Respecting the will of the voters


In the days leading up to the presidential election, we began hearing members of some groups saying: “If we don’t win the election, it must have been rigged!”

More voices added: “And then we will flock to Tahrir Square and elsewhere to ignite fires!”

I was deeply disappointed to find among these some Muslim Brotherhood (MB) figures that I used to admire like Eng. Khairat El Shater and Dr. Mohamed El Beltagui, executive members of the Freedom and Justice Party (FJP). For them, democracy means only that their candidate must win. From their point of view, if the people select another candidate as their president, that can only indicate a flaw in the democratic process. So, if they don’t win the election, they want to take to the streets in protest as a way to invalidate the outcome. What these dissenters intend to do would be a blow to the legitimacy that the ballot box will bring to the winning candidate.

I know that many people are worried that a victory by someone with a military background or who served under the former regime could mark the beginning of renewed chaos and upheaval. In fact, this fear is probably motivating the voting choices of some citizens who want to prevent such disturbances.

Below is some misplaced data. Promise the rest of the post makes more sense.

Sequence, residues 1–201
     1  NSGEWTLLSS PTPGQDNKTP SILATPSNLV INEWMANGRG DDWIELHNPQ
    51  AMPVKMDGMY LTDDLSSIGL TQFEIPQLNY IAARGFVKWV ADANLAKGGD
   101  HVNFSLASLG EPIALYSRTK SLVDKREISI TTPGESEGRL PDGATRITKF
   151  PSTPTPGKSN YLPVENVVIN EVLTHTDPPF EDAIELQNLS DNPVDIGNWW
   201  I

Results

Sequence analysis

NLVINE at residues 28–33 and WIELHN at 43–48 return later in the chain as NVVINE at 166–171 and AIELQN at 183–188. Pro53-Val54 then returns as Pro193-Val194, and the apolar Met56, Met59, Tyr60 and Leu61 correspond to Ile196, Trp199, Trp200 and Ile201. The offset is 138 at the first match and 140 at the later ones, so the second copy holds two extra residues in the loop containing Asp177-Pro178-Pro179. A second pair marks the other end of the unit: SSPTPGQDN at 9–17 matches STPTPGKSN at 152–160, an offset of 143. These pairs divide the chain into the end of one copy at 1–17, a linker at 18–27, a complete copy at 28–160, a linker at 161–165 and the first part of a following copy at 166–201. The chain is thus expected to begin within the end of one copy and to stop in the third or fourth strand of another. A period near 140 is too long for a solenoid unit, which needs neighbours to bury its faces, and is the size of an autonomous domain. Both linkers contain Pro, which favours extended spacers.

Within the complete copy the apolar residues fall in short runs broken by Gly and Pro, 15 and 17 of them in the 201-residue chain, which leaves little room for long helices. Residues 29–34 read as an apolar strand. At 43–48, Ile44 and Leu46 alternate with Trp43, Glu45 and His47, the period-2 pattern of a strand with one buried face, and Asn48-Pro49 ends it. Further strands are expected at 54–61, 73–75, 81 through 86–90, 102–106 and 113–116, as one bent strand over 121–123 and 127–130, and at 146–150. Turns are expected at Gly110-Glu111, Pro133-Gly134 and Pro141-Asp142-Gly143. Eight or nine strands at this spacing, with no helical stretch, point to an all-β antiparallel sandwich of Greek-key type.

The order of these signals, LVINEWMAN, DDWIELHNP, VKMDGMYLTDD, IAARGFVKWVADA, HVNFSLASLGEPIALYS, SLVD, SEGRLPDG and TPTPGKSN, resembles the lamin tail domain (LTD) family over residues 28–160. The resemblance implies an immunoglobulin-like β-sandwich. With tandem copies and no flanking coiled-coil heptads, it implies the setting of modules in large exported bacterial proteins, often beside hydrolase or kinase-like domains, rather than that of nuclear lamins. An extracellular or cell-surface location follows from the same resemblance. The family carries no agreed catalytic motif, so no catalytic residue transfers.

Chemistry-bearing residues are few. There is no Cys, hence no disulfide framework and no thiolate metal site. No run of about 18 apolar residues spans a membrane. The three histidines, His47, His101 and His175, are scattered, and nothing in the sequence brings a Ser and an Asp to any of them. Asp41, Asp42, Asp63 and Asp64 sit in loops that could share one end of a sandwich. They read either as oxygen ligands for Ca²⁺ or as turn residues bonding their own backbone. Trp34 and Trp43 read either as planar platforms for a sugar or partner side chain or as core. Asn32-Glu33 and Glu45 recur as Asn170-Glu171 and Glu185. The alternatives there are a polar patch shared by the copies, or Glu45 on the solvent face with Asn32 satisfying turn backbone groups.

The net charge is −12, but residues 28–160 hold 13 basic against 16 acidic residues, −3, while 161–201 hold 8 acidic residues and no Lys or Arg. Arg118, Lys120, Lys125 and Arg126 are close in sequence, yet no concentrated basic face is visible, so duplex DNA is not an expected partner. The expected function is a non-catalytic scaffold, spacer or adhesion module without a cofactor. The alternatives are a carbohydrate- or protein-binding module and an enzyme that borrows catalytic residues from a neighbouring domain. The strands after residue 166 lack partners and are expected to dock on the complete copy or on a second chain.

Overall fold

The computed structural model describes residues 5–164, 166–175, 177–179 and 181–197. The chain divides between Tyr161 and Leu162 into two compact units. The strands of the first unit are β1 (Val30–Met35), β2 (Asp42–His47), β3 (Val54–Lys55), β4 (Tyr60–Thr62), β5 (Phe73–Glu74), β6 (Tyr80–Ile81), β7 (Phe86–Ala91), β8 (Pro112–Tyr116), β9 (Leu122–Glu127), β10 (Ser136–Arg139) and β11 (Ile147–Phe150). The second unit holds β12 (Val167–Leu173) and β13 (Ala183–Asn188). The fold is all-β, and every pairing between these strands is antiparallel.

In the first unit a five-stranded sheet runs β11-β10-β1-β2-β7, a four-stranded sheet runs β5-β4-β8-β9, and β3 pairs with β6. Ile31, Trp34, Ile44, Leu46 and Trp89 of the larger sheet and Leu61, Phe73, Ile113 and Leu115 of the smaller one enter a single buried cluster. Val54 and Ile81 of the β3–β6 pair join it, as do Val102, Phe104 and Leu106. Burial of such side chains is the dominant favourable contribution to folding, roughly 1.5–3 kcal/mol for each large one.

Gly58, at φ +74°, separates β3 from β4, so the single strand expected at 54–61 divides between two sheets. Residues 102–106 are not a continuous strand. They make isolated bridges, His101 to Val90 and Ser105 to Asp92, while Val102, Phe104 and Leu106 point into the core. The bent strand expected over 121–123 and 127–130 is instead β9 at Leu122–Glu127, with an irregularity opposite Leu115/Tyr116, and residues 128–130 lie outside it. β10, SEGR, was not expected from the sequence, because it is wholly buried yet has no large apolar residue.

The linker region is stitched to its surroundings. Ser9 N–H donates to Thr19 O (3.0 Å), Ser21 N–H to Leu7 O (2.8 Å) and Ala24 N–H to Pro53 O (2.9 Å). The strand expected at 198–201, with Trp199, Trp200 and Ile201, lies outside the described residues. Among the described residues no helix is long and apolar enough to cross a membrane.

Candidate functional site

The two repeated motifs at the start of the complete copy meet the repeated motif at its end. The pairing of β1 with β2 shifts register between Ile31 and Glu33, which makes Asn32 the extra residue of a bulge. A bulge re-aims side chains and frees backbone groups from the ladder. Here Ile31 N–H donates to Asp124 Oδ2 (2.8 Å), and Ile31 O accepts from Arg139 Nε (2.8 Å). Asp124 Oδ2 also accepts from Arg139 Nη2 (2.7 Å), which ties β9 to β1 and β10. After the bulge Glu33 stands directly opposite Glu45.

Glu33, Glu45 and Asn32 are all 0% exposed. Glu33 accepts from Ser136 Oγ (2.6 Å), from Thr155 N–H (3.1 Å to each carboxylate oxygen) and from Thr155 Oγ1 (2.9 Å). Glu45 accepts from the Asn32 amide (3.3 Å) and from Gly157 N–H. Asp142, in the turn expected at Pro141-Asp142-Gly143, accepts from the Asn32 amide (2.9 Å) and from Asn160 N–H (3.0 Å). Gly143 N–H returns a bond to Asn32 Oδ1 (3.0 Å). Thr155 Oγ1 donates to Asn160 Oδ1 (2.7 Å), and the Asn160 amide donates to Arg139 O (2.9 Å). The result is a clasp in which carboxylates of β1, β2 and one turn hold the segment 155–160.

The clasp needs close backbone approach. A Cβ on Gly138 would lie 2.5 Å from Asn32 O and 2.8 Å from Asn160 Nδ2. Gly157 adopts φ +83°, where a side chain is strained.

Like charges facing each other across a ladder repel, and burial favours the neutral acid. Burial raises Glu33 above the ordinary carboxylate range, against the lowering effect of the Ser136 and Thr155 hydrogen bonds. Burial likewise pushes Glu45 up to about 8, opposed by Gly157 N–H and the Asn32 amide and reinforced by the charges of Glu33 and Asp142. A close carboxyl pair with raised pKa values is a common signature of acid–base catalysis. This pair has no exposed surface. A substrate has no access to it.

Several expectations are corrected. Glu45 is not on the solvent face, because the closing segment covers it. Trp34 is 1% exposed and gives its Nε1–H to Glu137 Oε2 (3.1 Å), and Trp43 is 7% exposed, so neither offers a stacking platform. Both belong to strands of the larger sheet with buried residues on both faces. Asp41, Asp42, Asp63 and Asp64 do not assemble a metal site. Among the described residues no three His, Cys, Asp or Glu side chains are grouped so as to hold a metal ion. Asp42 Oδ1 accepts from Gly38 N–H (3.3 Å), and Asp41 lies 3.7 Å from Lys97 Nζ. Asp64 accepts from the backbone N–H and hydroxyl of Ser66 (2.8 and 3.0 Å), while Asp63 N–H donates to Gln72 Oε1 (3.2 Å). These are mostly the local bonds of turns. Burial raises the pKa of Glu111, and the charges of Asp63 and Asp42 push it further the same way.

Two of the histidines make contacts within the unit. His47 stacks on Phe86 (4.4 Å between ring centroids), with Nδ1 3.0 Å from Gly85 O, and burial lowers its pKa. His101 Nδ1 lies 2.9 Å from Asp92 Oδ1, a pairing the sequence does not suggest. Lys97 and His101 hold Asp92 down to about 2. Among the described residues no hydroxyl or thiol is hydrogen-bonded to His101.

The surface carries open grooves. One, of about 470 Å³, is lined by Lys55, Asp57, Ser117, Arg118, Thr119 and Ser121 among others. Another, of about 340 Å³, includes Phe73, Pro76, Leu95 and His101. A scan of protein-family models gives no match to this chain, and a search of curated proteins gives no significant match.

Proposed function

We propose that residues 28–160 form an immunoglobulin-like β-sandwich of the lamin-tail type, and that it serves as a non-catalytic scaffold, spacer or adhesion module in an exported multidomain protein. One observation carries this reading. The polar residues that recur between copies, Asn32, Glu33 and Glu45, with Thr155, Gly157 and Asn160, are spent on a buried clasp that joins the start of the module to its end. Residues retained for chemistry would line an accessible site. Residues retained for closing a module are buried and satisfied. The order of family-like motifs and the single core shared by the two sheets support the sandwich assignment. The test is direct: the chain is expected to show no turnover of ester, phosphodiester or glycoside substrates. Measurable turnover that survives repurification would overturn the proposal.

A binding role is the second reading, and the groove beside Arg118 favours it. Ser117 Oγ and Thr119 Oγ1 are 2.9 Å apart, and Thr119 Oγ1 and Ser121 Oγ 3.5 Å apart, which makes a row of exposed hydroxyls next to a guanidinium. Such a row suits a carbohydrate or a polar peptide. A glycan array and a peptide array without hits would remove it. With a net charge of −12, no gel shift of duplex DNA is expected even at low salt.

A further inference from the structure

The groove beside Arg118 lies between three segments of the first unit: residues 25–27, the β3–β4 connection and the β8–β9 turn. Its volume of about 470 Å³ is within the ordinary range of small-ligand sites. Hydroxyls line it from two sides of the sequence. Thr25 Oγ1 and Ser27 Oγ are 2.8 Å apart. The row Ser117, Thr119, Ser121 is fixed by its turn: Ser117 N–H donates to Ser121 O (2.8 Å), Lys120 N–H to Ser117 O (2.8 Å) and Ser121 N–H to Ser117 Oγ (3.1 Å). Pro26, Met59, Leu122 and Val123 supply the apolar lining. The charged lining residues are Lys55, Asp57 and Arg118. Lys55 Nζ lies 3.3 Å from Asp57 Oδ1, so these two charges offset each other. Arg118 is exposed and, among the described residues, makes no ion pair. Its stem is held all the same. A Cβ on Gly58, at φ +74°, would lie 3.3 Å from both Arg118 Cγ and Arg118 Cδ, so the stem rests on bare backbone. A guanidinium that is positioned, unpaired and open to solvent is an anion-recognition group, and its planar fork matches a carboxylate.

The role of the State in protecting election results

Those who plan to create chaos if the election results don’t go their way should keep one thing in mind: the State is bigger than they are, and the law is stronger. The Egyptian Armed Forces and their Supreme Council have guaranteed that the will of the voters will be respected. We will also depend on our Police Force to protect us in the case of riots, yet another reason to avoid demoralizing the police! And if we eliminate our National Security Service, where will we get the information necessary to arrest those who want to destroy the country?

I understand the desire of FJP members in parliament to punish police and security agents, considering the way that that some of them treated the MB in the past. Still, correcting past mistakes should not be based on revenge and conducted by destroying entire institutions, rather it should be an investigative and judicial process that singles out the perpetrators, and leaves the institutions intact so that they may protect us. As for the National Security Service, I believe in the abilities and integrity of its new director, General Magdi Abdel-Ghaffar, and I think we should give him a chance to do his job.

translated from Al-Akhbar

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